Cyber warfare between the US, Israel, and Iran


in Bombs and rockets, Geek stuff, Internet matters, Politics, Security

I recently saw the documentary Zero Days about state-sponsored cyber warfare in general and the Stuxnet attack against Iran’s enrichment facility at Natanz in particular.

The documentary doesn’t really contain any new information for people who follow the news in this field, but it’s well put together and has some compelling interviews.

A couple of New York Times articles cover much of the same ground: Obama Order Sped Up Wave of Cyberattacks Against Iran and U.S. Had Cyberattack Plan if Iran Nuclear Dispute Led to Conflict. These, respectively, cover ‘Olympic Games’ (the Stuxnet operation) and ‘Nitro Zeus’, a much broader plan for an across-the-board cyber attack against Iranian civilian and military systems in the event of war between Iran and the US.

An interesting discussion in the film concerns US-Israeli relations. It alleges that US support for Stuxnet was motivated in part by a desire to prevent attempted airstrikes against Iranian nuclear facilities by Israel. In part, this was allegedly motivated by the thinking that Israel would initiate such attacks not to destroy Iranian capabilities themselves (since that would be beyond Israel’s military means), but to force the US into a war with Iran.

The film also discusses alleged Iranian retaliation for Olympic Games, including attacks against Saudi Armaco and American banks. There’s also some interesting material about the Abdul Qadeer Khan proliferation network.

{ 2 comments… read them below or add one }

. July 13, 2016 at 6:50 pm

Alex Gibney has turned making documentaries into such a cottage industry over the past decade that it’s increasingly difficult to take him seriously as a filmmaker. Just since 2013, he’s directed docs about WikiLeaks, Lance Armstrong, Fela Kuti, James Brown, Scientology, Steve Jobs, and the Stuxnet worm. That list’s even split between current events and celebrities suggests opportunism more than it does passion, and so, for the most part, do the films themselves, which rarely provide more than a generic overview of their topic. Zero Days, Gibney’s latest effort, is essentially a two-hour adaptation of Wikipedia’s “Stuxnet” entry—though Gibney, to his credit, does succeed in unearthing one juicy new bit (or perhaps “byte”) of information, which was made public in The New York Times literally the day prior to the film’s premiere at this year’s Berlin Film Festival. Whether that scoop justifies Zero Days’ parade of expository talking heads—few of whom can even speak freely about Stuxnet—is debatable at best.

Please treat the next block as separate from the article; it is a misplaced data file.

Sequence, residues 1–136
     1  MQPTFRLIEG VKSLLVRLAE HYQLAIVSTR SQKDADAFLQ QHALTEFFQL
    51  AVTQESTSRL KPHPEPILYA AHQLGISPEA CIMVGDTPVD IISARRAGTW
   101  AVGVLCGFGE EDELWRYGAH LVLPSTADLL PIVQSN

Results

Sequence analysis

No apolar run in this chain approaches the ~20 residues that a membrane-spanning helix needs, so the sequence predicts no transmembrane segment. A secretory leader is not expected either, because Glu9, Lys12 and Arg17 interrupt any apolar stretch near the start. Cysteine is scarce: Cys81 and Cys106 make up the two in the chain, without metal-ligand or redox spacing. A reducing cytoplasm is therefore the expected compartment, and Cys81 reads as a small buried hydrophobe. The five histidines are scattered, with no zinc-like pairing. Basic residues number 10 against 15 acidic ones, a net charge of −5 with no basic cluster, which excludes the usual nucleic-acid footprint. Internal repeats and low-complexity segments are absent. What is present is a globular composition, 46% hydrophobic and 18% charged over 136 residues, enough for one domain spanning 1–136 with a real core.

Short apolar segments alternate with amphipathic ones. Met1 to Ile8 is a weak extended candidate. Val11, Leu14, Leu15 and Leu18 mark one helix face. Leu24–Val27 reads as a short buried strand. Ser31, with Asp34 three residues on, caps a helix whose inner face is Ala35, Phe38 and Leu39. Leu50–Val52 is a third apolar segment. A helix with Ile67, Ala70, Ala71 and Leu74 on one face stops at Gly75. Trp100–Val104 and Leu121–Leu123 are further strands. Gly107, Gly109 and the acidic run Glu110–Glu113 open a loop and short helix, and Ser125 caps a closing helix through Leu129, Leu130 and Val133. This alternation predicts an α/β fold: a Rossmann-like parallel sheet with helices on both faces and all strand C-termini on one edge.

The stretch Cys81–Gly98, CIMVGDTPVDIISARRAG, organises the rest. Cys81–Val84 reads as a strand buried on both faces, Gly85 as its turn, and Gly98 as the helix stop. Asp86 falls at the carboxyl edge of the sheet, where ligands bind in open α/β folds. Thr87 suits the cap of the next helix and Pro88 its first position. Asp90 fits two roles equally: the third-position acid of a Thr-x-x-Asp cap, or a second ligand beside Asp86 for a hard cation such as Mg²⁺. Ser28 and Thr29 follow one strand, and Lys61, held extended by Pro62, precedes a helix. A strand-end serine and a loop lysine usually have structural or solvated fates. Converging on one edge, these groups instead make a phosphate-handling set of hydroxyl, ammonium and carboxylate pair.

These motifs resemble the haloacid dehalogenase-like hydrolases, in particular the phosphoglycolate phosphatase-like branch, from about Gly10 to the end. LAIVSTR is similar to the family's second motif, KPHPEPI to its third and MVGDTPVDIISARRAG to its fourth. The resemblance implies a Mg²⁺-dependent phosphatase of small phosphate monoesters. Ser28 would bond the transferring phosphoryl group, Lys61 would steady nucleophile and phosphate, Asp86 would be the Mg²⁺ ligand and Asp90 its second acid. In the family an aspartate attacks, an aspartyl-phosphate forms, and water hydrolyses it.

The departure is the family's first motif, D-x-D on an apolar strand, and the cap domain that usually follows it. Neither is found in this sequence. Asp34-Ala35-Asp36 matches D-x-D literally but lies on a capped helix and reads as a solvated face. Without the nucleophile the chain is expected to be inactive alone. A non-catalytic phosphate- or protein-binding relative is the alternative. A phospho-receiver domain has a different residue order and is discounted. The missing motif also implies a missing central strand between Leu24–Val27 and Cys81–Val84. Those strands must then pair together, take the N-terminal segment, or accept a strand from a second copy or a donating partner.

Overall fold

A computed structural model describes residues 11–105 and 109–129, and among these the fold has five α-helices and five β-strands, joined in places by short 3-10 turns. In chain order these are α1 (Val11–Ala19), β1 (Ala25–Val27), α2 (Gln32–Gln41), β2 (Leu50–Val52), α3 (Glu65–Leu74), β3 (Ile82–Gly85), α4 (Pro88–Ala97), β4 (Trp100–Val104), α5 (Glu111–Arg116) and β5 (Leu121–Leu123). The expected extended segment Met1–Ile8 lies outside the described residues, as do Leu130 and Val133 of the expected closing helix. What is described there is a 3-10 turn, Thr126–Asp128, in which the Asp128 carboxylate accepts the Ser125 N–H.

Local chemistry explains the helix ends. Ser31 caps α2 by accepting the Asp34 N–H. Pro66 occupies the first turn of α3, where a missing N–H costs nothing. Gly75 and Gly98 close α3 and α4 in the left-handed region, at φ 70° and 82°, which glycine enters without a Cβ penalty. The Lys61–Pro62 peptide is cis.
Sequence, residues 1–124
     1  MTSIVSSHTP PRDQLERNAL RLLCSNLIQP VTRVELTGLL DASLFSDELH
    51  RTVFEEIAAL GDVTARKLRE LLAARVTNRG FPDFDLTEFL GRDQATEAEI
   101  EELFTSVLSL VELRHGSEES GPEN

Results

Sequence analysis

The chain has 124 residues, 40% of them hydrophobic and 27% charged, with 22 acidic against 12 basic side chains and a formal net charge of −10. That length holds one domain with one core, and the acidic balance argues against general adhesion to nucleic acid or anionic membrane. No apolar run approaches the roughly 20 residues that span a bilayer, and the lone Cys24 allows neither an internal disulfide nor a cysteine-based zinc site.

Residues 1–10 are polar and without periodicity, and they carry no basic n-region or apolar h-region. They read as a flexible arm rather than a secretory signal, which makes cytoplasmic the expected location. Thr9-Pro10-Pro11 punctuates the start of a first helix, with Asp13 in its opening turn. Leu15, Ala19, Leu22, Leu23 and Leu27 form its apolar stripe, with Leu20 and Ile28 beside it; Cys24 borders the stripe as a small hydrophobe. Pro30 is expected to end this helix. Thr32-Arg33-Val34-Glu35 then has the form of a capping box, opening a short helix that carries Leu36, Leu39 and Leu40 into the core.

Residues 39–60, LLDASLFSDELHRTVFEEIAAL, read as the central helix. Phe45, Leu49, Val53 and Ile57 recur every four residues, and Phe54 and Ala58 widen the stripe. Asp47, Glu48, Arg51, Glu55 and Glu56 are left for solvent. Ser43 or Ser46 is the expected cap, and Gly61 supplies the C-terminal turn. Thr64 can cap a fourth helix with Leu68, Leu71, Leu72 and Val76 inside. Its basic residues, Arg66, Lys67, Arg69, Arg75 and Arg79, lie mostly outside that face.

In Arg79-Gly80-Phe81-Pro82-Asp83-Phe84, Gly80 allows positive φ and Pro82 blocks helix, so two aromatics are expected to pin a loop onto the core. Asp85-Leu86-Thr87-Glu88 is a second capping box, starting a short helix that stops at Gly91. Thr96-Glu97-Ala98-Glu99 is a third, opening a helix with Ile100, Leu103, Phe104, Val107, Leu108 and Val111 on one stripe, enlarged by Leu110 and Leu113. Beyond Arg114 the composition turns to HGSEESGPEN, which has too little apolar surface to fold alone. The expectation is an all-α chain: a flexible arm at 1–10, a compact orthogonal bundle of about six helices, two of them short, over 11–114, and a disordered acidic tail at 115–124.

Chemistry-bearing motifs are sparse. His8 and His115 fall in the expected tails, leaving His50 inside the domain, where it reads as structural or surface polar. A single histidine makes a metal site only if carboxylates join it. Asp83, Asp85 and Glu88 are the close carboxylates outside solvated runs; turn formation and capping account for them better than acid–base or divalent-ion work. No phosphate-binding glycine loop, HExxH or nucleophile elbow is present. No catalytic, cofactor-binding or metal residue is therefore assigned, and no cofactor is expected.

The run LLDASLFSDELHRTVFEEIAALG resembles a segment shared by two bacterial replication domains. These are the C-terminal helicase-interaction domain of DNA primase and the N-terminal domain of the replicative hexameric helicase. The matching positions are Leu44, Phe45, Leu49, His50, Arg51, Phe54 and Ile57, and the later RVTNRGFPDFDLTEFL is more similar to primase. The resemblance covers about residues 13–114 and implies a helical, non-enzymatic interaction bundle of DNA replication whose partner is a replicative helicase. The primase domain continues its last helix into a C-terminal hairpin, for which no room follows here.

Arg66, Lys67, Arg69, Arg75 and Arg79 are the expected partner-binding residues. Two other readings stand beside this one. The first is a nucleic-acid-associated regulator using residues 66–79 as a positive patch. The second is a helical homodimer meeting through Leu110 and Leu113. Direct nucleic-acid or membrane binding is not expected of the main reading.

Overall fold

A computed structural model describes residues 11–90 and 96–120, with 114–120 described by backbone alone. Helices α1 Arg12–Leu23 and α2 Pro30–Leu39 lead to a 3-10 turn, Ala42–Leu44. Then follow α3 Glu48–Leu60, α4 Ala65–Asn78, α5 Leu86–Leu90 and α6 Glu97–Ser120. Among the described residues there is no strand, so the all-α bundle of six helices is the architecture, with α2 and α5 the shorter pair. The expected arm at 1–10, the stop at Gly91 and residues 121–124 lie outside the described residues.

Most of the salient details can be summarized in a single paragraph, and here goes: Stuxnet is the name that the security community assigned to a malicious worm that turned up on computers all over the world in 2010. Though first identified in Belarus, its appearance there and elsewhere appears to have been accidental, as Stuxnet was clearly designed to target a particular brand of software (Siemens) controlling a particular type of computer (a programmable logic controller, or PLC), with the specific intent of sabotaging Iran’s nuclear centrifuges. Stuxnet’s sophistication pointed to a nation-state as the likely culprit, and it’s now widely believed that the U.S. and Israel jointly developed the project, though neither country has ever admitted involvement. Zero Days—the title refers to the nonexistent response time once the threat is identified—recounts the worldwide panic that set in upon the worm’s discovery, the painstaking efforts to reverse-engineer its purpose, and the broader concerns its existence quickly raised.

. July 11, 2020 at 7:56 pm

Leave a Comment

Previous post:

Next post: